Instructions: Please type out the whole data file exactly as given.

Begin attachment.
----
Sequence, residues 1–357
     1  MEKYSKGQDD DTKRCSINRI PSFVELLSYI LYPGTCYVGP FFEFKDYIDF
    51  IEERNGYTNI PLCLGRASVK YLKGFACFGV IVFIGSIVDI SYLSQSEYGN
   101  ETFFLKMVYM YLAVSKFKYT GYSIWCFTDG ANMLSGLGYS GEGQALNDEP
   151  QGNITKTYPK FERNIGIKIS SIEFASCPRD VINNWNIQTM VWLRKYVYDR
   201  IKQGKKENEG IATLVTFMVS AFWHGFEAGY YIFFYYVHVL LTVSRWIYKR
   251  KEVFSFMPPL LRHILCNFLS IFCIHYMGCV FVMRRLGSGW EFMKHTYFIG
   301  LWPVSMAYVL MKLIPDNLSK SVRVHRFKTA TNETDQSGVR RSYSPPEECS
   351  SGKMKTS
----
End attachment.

Sequence, residues 1–357
     1  MEKYSKGQDD DTKRCSINRI PSFVELLSYI LYPGTCYVGP FFEFKDYIDF
    51  IEERNGYTNI PLCLGRASVK YLKGFACFGV IVFIGSIVDI SYLSQSEYGN
   101  ETFFLKMVYM YLAVSKFKYT GYSIWCFTDG ANMLSGLGYS GEGQALNDEP
   151  QGNITKTYPK FERNIGIKIS SIEFASCPRD VINNWNIQTM VWLRKYVYDR
   201  IKQGKKENEG IATLVTFMVS AFWHGFEAGY YIFFYYVHVL LTVSRWIYKR
   251  KEVFSFMPPL LRHILCNFLS IFCIHYMGCV FVMRRLGSGW EFMKHTYFIG
   301  LWPVSMAYVL MKLIPDNLSK SVRVHRFKTA TNETDQSGVR RSYSPPEECS
   351  SGKMKTS